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Saturday, September 19, 2020

A secularism more inclusive

The concept in India has been restricted to Hindu-Muslim issues. Conversations need to focus on all minorities, and emphasise rights and justice

September 4, 2020 8:06:30 pm
The Indian experience of secularism cannot be equated with western conceptions of it because both the cultural experience and its evolution varies in India. (Illustration: Suvajit Dey)

(Written by Javed Iqbal Wani and L David Lal)

It has been repetitively emphasised, of late, that a spectre is haunting India – the spectre of secularism. Two recent articles published in this newspaper provide a curious contrast to each other. Both represent the core of a peculiar political anxiety in India. One end of the spectrum, liberal constitutionalism, is represented by scholars such as Pratap Bhanu Mehta (IE, August 5, ‘Ram I Will Not Find You There‘, and IE, August 11, ‘The Wrong Diagnosis’) the other end by Hindu right-wing ideologues such as Rakesh Sinha (IE, August 15, ‘A Hyphenated Secularism‘).

The foundation laying ceremony of the Ram temple in Ayodhya on August 5 by the Prime Minister, flanked by the RSS supremo and others, has reinvigorated the debate around the nature and status of Indian secularism.

While Mehta stopped just short of writing the obituary of Indian secularism, Sinha argued that the time for its rebirth has arrived. Both have valid points from their ideological standpoint. However, both overlook some key facts around the discourse of secularism in India. Sinha’s assertion about the rebirth of the secularism discourse in India rests on an assumption that Hindutva will eventually successfully establish its hegemony. It aspires to homogenise the differences and contestations within Hinduism and the diverse set of population which it claims are Hindu despite belonging to distinct religions.

In a recent article, political commentator Ajaz Ashraf has noted that when there are caste inequalities, it is wrong to solely emphasise the need for a harmonious Hindu-Muslim relationship. The discussion also excludes “Dalit” and “tribal” communities from the debate, not to mention various other acute socio-economic inequalities in India. The Hindu-right has always avoided any meaningful engagement with the challenge of the subaltern from within. It is pertinent to engage with the idea of secularism in India outside the framework of Hindu-Muslim contestation. As long as it is perceived as exclusive to these two communities it may lose its significance and relevance.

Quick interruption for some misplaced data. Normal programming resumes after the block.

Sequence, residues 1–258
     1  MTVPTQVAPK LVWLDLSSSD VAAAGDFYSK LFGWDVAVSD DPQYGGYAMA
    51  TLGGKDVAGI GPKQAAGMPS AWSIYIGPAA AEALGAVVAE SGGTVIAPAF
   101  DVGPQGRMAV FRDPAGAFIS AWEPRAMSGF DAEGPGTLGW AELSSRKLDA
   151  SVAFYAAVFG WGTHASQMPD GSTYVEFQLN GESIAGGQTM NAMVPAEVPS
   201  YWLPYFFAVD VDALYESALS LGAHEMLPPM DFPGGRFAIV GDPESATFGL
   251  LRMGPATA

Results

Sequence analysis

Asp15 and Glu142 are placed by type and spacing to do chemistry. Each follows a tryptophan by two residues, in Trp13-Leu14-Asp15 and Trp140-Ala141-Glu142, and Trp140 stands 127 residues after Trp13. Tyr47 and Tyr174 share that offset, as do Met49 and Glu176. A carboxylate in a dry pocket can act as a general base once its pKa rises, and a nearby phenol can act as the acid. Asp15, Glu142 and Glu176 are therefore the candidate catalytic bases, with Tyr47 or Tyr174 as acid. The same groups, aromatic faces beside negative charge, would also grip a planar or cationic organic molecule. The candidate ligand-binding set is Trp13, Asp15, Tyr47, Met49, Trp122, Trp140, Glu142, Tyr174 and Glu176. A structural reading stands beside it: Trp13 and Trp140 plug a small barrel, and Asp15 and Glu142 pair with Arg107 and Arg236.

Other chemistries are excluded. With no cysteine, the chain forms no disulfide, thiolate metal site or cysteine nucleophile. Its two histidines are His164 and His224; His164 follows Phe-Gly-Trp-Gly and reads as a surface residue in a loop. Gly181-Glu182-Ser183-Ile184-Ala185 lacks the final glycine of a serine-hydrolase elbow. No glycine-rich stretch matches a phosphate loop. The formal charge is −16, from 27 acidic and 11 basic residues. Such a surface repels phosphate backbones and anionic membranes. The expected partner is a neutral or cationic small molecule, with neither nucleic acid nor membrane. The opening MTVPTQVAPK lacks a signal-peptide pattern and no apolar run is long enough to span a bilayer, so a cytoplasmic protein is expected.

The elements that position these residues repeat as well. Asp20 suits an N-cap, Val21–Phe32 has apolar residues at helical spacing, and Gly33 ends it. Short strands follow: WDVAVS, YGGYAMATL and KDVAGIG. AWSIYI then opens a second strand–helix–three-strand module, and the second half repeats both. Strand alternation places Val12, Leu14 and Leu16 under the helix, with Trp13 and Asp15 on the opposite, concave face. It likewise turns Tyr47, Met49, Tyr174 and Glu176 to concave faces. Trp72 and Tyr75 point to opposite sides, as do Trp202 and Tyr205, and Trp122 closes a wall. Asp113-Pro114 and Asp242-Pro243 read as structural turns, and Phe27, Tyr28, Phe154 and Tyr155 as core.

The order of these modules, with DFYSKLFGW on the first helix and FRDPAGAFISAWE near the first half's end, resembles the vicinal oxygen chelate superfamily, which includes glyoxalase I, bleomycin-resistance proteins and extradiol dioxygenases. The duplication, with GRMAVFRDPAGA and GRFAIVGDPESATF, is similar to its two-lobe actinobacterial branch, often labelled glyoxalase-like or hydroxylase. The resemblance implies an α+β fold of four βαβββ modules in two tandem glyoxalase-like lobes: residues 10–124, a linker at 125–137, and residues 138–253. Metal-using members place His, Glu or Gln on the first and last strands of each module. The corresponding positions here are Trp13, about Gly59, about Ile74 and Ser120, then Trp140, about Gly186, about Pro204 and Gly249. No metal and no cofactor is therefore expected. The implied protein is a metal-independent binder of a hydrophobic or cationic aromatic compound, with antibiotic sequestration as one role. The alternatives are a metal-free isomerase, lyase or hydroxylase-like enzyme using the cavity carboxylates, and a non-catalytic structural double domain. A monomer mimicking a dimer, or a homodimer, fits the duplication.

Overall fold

These positions also help sustain a fear psychosis which is no different from late colonial communal politics or the intense debates which occurred in the Constituent Assembly during the drafting of the Constitution for India. The Hindu communalists were then fearful of Muslim political assertion and the Muslims were equally fearful of Hindu dominance in the new India. If one pays attention to history, the discourse is no different today.

What is noticeable in the recent progressive posturing and interventions in the discourse of Indian secularism is the emergent dichotomy between the “Good” Hindu and “Bad” Hindu — a “good” Hindu is one who upholds liberal and progressive values and a “bad” Hindu is the one trapped in Hindutva politics. For example, Pratap
Bhanu Mehta claimed the identity of a “good” Hindu by expressing his devotion to Ram and protesting the colonisation of Hinduism by political power. He argued that the Ram temple in Ayodhya will be a monument of violence, revenge, retaliation and collective narcissism as its foundation is not laid on the values of Ram. Above all, he calls it a banal and nasty symbol of ethnic nationalism. He ignores that for many Hindus, the Ram temple is seen as a symbol of reclamation of past glory and recovery of their damaged Hindu-masculinity.